alexa Anxiety in Normal Pregnancy: Implications for the Family Doctor

ISSN: 2161-0932

Gynecology & Obstetrics

  • Editorial   
  • Gynecol Obstet 2017, Vol 8(1): e126
  • DOI: 10.4172/2161-0932.1000e126

Anxiety in Normal Pregnancy: Implications for the Family Doctor

Jose Luis Turabian*
Specialist in Family and Community Medicine Health Center, Santa Maria de Benquerencia, Regional Health Service of Castilla la Mancha (SESCAM), Toledo, Spain
*Corresponding Author: Jose Luis Turabian, Specialist in Family and Community Medicine Health Center, Santa Maria de Benquerencia, Regional Health Service of Castilla la Mancha (SESCAM), Toledo, Spain, Tel: 34925154508, Email: [email protected]

Received Date: Jan 12, 2018 / Accepted Date: Jan 15, 2018 / Published Date: Jan 22, 2018

Editorial

Pregnancy is a period of great metabolic, hormonal and immunological changes, considerably noticeable by women since the beginning of pregnancy. From the psychological point of view, pregnancy represents an important change in the life of women. During pregnancy there is a reactivation of previous unresolved psychological processes, an increased perceptive capacity.

Elevated levels of emotional symptomatology are strongly correlated with lowered health-related functioning and perceived well-being [1]. Anxiety disorders are common during the perinatal period [2,3], and pregnancy anxiety has been shown to predict birth outcome and neuroendocrine changes during pregnancy [4]. In consequence, the identification of patients at risk for psychologically mediated complications during pregnancy should be a part of obstetric care [5].

Clinical observation allows detecting certain specific moments of pregnancy in which an increase in anxiety is observed. These phases of pregnancy are. 1) At the beginning of pregnancy; 2) During the formation of the placenta (second and third months), 3) When the first fetal movements are perceived (third and half months); 4) When fetal movements develop clearly (5th month); 5) In the phase of the internal version (from 6 and a half months), 6) At the beginning of the ninth month; and 7) In the days before the birth [6].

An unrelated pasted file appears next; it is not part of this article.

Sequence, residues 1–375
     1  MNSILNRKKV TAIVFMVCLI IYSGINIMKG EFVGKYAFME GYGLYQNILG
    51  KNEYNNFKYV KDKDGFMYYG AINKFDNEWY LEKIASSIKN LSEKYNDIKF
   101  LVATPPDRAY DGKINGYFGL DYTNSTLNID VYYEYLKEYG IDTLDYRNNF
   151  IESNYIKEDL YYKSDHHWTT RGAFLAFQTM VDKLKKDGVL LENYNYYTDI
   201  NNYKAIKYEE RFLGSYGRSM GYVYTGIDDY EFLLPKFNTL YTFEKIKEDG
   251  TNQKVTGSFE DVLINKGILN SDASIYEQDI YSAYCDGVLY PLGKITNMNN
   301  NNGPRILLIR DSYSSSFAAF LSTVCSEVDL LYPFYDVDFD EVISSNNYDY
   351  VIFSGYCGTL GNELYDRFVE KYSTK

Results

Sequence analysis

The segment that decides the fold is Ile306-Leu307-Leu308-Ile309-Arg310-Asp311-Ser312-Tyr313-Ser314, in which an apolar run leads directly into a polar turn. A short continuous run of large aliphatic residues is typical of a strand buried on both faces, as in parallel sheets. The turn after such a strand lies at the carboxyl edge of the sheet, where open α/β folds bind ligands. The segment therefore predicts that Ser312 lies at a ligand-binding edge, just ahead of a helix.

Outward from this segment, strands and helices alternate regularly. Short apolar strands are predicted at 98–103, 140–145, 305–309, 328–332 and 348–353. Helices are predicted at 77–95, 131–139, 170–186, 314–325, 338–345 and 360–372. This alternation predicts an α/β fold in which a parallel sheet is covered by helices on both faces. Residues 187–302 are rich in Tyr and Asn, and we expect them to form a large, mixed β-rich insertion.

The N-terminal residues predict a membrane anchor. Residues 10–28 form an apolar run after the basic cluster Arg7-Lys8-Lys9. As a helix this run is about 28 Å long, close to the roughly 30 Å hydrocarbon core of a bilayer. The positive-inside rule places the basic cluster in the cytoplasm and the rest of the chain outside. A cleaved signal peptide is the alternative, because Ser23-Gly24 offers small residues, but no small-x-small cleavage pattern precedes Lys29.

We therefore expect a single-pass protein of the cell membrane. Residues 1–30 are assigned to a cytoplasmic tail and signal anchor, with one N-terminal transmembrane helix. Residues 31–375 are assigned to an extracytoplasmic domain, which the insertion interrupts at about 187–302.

Each one of the phases of anxiety in these dates of gestation can last days or weeks, and get to produce own symptomatology. It should be remembered that in general medicine, more than half of patients with anxiety disorders report somatic rather than psychological symptoms [7].

Thus, in the beginning of pregnancy may appear hypersomnia [8]; it is from the psychoanalytic point of view a regression or denial. In any case, it is a useful symptom, since it provides an adequate biological defense, favoring the necessary rest at the beginning of the pregnancy. On the contrary, insomnia should be considered as an expression of pregnancy anxiety.

During the second month nausea and vomiting usually occur, which can have substantial effects on working, household duties and parenting activities [9,10].

To these symptoms diarrhea or constipation can be added. Clinically they are associated with anxiety due to the uncertainty of the existence of pregnancy and the fear of not being able to deliver and raise a child; can express the rejection of the child. In other words, they serve to show pregnancy, and they express anxiety [11]. From the biological point of view, anxiety in second trimester of pregnancy, promote to later increase in sympathetic activity [12].